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 Post subject: Texas Rig for UL
PostPosted: Fri Aug 11, 2017 7:56 am • # 1 
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Went out after dinner in the kayak on a private community lake here in NJ. After landing a quick bass, mid-lake, on a medium power rod I decided to explore the edges with UL. There's been no getting around the fact that plastic worms have been getting me most of my bass lately. So I Texas rigged a moderately small (4-5"?), unweighted, Zoom worm on the smallest EWG hook I could find, size 2. The rod was a 7' Daiwa Presso ultralight rod with a Shimano Stradic CI4+ spooled with 6# braid and a 4# flouro leader.

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Started at the very headwaters of the lake which were maybe 9" deep and cast to the edge. With such shallow water the take by what would prove to be a 2.18# largemouth was very obvious. The question was whether or not I could successfully set the Texposed EWG hook with an UL rod and keep the fish out of snags. Success! A few casts later at the point of some cattails and I had a 1.72 pounder. In between the two I missed the hookset on a third bass.

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In the waning light I continued to cast under over hanging trees and at points and alleys in lilly pads and landed another three. The last, the biggest at 2.48#, was the only one I couldn't prevent from diving deep into the mats and I was shocked that he didn't break the line.

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The key to this fishing was being able to quickly get the bass moved out of cover and near the kayak before it had time to fully engage int he fight but not snap the line in doing so. This technique is working well on 4# flouro fishing line but I don't think a more accurately rated 4# tippet would be enough.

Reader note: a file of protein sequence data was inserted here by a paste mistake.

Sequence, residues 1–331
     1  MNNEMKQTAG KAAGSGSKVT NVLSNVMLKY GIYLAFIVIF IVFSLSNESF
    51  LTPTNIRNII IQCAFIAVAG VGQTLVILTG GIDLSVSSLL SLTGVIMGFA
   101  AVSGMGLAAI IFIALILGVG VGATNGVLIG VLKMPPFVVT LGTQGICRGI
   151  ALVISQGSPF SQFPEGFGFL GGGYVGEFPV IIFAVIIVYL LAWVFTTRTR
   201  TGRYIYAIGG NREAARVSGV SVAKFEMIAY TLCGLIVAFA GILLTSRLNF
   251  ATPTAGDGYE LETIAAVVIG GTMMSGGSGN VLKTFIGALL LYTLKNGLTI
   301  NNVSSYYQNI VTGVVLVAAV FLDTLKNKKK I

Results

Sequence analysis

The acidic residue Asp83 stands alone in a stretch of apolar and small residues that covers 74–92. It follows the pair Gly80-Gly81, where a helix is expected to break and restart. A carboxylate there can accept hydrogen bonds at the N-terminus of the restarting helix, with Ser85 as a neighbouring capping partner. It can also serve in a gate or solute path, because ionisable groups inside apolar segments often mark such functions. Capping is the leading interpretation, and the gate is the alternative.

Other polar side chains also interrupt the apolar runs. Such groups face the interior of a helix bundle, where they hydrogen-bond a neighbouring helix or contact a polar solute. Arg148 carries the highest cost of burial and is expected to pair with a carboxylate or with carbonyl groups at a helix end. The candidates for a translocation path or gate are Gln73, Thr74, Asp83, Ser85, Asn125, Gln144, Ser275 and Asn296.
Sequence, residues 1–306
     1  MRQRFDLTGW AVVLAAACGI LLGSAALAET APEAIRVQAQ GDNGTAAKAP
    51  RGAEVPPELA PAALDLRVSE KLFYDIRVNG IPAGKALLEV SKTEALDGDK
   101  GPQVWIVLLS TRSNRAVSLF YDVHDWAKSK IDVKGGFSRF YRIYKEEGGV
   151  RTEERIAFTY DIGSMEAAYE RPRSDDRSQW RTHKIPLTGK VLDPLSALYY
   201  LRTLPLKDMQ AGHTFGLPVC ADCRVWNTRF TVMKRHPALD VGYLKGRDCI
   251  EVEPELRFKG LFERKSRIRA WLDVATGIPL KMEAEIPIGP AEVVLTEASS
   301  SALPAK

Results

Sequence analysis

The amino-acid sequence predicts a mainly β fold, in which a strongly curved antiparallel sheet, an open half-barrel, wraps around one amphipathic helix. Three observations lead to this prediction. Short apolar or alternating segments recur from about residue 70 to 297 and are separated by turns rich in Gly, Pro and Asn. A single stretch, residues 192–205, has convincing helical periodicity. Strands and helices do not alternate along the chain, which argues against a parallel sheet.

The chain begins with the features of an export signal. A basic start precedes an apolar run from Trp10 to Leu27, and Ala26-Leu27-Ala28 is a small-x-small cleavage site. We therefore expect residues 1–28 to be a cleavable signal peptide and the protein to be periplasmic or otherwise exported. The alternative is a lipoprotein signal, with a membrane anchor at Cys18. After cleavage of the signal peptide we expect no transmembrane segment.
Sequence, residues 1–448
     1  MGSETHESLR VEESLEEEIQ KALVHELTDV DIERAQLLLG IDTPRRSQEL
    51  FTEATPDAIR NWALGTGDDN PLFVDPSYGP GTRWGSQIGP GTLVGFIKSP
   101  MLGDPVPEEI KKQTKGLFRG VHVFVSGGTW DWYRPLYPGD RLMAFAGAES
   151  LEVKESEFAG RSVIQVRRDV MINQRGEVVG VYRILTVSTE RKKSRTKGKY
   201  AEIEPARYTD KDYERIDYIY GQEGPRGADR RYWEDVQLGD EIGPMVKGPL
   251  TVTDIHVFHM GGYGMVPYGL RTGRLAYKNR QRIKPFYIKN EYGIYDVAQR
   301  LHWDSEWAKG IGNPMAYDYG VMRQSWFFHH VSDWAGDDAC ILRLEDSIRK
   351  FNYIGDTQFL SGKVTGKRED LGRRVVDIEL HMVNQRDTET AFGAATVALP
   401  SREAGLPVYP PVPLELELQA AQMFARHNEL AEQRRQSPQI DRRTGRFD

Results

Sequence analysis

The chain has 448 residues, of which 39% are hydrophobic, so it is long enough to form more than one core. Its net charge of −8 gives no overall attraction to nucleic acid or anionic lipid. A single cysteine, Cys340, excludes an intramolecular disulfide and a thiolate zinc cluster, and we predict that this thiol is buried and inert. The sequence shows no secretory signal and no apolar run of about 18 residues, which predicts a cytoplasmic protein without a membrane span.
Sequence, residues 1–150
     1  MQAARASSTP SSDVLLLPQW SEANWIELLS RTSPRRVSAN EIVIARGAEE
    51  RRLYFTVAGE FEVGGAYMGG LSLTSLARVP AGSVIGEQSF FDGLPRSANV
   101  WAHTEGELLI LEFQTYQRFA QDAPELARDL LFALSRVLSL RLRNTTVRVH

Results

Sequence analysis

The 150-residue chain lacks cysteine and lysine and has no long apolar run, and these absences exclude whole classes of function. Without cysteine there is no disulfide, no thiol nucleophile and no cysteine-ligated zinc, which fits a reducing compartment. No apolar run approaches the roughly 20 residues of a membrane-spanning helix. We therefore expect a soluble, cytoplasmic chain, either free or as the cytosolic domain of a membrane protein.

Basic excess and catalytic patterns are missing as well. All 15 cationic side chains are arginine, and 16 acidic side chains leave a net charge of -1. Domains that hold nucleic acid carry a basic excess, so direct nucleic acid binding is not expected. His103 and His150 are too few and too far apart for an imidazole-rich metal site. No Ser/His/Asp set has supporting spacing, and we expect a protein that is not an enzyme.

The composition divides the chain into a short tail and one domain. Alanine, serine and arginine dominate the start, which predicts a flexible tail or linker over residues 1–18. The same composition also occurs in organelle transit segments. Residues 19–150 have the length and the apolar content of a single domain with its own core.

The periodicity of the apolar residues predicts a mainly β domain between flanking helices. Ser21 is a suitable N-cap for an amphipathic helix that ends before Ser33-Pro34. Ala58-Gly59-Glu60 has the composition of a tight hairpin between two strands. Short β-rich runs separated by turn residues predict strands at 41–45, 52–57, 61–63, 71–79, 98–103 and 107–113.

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 Post subject: Re: Texas Rig for UL
PostPosted: Fri Aug 11, 2017 8:30 am • # 2 
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I use that same setup on my fly rod when bass fishing in lakes that have a lot pf hydrilla in them, it works great.
If the bass get into the grass just keep pressure on them and slowly move over to where they are and VERY SLOWLY pull the bass up. You'll get a lot of weeds along with the bass, but most times you'll still be able to get the bass to the top without the line breaking. I caught a 9# bass at Lake Fork on a popping bug, it went into the weeds and I thought I lost it, but when I slowly pulled all the weeds to the boat the bass was still on the hook. Once they get into the weeds they quit fighting.


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 Post subject: Re: Texas Rig for UL
PostPosted: Fri Aug 11, 2017 10:39 am • # 3 
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Very true Cliff. Once the fish's face is covered the only fight is with the weeds. Even at that, I don't think I could have pulled the weeds and bass up had I been using the 3# Sunline Troutist which my reel was spooled with earlier in the season. There's probably a 2-3# real world difference in break strength between that and mono.

Is that the nine-pounder in your avatar? Twice the size of any bass I've ever caught.


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 Post subject: Re: Texas Rig for UL
PostPosted: Fri Aug 11, 2017 11:47 am • # 4 
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Nice fish!!


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 Post subject: Re: Texas Rig for UL
PostPosted: Fri Aug 11, 2017 9:19 pm • # 5